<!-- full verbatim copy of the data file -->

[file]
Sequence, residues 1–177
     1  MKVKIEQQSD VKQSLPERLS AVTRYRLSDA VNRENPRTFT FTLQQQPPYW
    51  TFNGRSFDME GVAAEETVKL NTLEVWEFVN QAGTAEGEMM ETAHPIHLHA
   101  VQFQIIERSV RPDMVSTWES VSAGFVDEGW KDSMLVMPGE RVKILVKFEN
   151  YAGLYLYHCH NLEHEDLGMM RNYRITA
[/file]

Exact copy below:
Sequence, residues 1–177
     1  MKVKIEQQSD VKQSLPERLS AVTRYRLSDA VNRENPRTFT FTLQQQPPYW
    51  TFNGRSFDME GVAAEETVKL NTLEVWEFVN QAGTAEGEMM ETAHPIHLHA
   101  VQFQIIERSV RPDMVSTWES VSAGFVDEGW KDSMLVMPGE RVKILVKFEN
   151  YAGLYLYHCH NLEHEDLGMM RNYRITA